Getting the lowdown on SME downtime
16 March 2020
Author: Sean Keywood
Sean Keywood looks at how smaller fleets can minimise the impact of cars being off the road.
Keeping downtime to a minimum is a key focus for all fleets. After all, when a car is off the road it is effectively useless to the organisation, and the longer it stays that way the bigger the financial cost is bound to be. It is an issue for organisations of all sizes - however, the inherent restrictions faced by smaller operators can make it a particularly demanding nut to crack, and one where the relative costs can be greater.
Richard Hipkiss, managing director of fleet management company Fleet Operations, believes that SMEs often run into downtime problems due to the lack of a dedicated manager taking control of the situation.
"You have probably got somebody trying to manage the fleet on the side of the desk, maybe a PA to an MD, or in HR, or an office manager, so they won't be measuring downtime, or controlling downtime," he says.
"It will probably be a process that is uncontrolled in as much as when there is an issue, one of your suppliers - whether it is a maintenance provider or leasing company or whatever - will be dealing with it, but most small organisations won't have a focus on getting the vehicle back on the road, and getting direct replacement vehicles back off the road.
"There are some organisations that do it very well, but in the main it is an area that is often overlooked in SMEs, because of the fact you have not got a central control point."
Rob Ellis, head of fleet sales at Kwik Fit, agrees that fleet being a lower priority than other business activities can be a problem.
"It is key for all organisations to reduce downtime," he says. "However, SMEs generally stretch their abilities further and have less leeway to cope with the unexpected.
"For many SMEs, although their fleet is essential to their business, their focus is on the latter. They are by nature able to make things happen for their customers.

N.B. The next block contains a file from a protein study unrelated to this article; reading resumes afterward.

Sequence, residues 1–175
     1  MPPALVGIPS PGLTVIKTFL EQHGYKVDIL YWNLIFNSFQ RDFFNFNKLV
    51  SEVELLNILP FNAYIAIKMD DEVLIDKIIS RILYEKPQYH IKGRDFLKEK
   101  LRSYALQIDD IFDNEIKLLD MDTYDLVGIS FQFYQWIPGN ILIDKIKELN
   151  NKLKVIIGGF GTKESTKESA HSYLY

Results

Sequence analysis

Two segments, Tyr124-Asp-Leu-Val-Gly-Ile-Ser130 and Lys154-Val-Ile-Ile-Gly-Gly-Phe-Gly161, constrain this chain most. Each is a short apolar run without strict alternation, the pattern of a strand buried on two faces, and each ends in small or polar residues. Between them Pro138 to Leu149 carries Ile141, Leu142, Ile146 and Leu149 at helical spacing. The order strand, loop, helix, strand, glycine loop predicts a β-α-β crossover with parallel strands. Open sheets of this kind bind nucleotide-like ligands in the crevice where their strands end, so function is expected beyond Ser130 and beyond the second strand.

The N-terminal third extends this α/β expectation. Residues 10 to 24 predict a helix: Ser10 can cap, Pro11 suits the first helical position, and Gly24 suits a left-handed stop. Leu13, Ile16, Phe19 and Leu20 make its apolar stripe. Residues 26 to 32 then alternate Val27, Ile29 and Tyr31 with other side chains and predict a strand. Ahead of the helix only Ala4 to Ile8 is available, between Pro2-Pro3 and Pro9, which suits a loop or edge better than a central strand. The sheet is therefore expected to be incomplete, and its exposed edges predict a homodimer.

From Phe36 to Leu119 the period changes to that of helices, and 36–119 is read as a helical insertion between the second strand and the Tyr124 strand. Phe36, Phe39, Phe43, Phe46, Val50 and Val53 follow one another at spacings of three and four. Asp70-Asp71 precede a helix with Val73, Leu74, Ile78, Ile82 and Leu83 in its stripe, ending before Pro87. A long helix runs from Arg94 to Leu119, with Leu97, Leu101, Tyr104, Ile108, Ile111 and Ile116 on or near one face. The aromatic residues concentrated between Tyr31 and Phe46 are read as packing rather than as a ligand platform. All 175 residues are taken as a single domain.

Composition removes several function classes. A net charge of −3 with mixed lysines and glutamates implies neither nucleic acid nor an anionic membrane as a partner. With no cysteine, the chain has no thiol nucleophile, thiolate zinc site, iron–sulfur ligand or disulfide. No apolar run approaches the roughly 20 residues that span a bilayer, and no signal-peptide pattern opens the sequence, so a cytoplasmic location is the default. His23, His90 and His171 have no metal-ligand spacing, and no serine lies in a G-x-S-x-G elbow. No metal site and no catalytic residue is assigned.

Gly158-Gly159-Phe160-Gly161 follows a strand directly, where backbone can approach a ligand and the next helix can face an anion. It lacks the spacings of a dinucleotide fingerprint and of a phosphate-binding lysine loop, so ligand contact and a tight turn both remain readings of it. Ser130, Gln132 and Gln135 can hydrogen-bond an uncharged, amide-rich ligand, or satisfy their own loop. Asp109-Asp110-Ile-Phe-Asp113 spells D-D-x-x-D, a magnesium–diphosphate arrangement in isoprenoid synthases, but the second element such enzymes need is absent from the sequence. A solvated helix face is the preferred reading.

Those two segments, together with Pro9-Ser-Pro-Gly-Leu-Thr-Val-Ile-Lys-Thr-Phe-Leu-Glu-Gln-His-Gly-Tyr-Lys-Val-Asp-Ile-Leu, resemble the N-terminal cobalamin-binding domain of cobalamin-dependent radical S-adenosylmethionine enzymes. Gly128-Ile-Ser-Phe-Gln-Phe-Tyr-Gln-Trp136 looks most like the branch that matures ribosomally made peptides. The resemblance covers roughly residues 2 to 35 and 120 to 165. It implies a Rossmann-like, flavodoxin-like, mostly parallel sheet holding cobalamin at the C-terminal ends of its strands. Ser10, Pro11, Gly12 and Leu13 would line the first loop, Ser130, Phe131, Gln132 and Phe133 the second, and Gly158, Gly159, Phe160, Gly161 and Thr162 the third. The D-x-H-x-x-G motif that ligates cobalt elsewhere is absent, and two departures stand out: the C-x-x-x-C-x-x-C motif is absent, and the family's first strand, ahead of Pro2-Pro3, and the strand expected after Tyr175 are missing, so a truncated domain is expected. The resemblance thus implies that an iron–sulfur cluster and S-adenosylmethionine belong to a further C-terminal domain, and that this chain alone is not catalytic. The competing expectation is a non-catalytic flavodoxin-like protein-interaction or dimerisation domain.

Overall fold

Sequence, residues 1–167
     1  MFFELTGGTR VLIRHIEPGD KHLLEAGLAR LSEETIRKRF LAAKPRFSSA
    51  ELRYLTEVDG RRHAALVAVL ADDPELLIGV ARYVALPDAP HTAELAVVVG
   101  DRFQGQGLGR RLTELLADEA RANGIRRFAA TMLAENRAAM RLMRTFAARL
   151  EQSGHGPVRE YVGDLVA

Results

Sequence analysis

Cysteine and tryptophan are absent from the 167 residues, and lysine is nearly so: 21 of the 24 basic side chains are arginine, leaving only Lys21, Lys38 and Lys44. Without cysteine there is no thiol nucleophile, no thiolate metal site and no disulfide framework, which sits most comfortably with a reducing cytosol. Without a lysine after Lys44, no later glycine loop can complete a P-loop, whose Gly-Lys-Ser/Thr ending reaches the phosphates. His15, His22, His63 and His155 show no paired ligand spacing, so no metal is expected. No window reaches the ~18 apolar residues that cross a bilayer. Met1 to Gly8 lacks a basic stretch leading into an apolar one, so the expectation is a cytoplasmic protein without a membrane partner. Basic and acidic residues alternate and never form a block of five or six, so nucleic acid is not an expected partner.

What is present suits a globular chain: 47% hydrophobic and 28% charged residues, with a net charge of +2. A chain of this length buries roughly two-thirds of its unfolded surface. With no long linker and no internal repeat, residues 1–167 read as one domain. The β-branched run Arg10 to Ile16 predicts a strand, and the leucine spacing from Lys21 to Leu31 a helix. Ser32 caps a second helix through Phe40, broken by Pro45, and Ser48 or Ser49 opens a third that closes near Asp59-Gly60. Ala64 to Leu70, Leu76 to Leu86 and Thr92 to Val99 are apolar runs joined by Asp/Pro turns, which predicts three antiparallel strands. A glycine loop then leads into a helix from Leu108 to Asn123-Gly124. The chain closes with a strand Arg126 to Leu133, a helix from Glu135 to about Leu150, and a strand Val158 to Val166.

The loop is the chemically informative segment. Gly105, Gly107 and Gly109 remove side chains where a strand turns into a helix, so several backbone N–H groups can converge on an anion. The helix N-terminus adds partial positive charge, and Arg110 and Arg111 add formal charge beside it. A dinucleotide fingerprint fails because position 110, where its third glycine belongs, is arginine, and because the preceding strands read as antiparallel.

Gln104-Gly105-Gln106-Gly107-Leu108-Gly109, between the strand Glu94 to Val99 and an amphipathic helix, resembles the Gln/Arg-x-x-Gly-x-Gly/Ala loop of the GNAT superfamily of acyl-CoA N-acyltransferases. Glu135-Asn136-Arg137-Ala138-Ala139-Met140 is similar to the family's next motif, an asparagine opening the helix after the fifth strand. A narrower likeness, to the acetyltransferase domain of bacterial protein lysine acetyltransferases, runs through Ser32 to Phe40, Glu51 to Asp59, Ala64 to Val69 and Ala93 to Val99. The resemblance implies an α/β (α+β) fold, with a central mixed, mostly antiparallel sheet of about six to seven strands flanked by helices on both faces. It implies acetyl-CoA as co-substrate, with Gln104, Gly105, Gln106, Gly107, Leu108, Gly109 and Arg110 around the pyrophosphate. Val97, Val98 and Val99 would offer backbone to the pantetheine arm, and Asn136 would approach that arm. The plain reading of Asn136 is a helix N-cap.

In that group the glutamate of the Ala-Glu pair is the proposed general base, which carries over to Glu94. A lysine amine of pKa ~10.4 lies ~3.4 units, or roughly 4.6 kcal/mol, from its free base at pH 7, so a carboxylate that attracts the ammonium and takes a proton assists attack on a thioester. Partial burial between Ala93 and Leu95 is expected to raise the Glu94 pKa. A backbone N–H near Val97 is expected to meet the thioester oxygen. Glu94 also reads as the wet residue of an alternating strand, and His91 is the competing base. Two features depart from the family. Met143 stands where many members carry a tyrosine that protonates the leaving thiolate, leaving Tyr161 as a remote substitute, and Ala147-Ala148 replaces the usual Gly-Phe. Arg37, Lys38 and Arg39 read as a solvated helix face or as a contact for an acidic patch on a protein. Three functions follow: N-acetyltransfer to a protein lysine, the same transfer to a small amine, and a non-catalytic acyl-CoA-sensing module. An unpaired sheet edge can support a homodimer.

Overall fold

"Often that achieves the desired results. However, the actions taken can have a great impact on the profitability of providing the service and that may not be realised until a later date.
"That cycle continues with a knock-on effect on other business functions, but the root cause is not tackled: vehicle downtime."
As Hipkiss explains, this failure to get on top of downtime can be costly, with vehicles off the road incurring both direct and indirect costs, some of which might not be appreciated by SMEs.
"The direct cost is quite easy to measure, because you replace the vehicle with a hire vehicle, and the cost of that vehicle is a direct cost," he says.
"Your indirect cost of downtime is the impact that has on the business, whether you are missing appointments with customers, losing appointments and so on, so you have to look at the obvious and then the indirect.
"Even big corporates struggle with this, so certainly with an SME it is often overlooked, and obviously it is a significant area of cost creep, because the indirect cost of downtime can be anything from £100 a day to £2,000, depending on the nature of the business and what you are doing."
This is a point that is also taken up by Simon Staton, director of client management at Venson Automotive.
"Vehicle downtime, particularly if it is unscheduled, can have a significant knock-on effect in terms of business efficiency, losing organisations several thousands of pounds per day and potentially causing reputational damage," he says.
"However, most SMEs overlook this, counting only the hours and minutes a vehicle is on the ramp in the garage as having a direct hit on their business.
"In reality, they need to consider how to reduce vehicle downtime from the moment it is off the road so as to reduce the impact on employee productivity and unnecessary replacement vehicle costs, the combination of which greatly impacts the bottom line."
Staton says that a good way to reduce downtime is for fleets to stay on top of regular vehicle maintenance, a process in which they can involve their drivers.
"Introducing a system whereby drivers conduct daily routine inspections on their vehicles, and report back any concerns they may have, helps to identify issues before they become a significant problem," he explains.
"Regularly checking tyre pressure is crucial because low pressure will affect a vehicle's handling, tyre wear and fuel consumption - all contributing to vehicle and driver safety."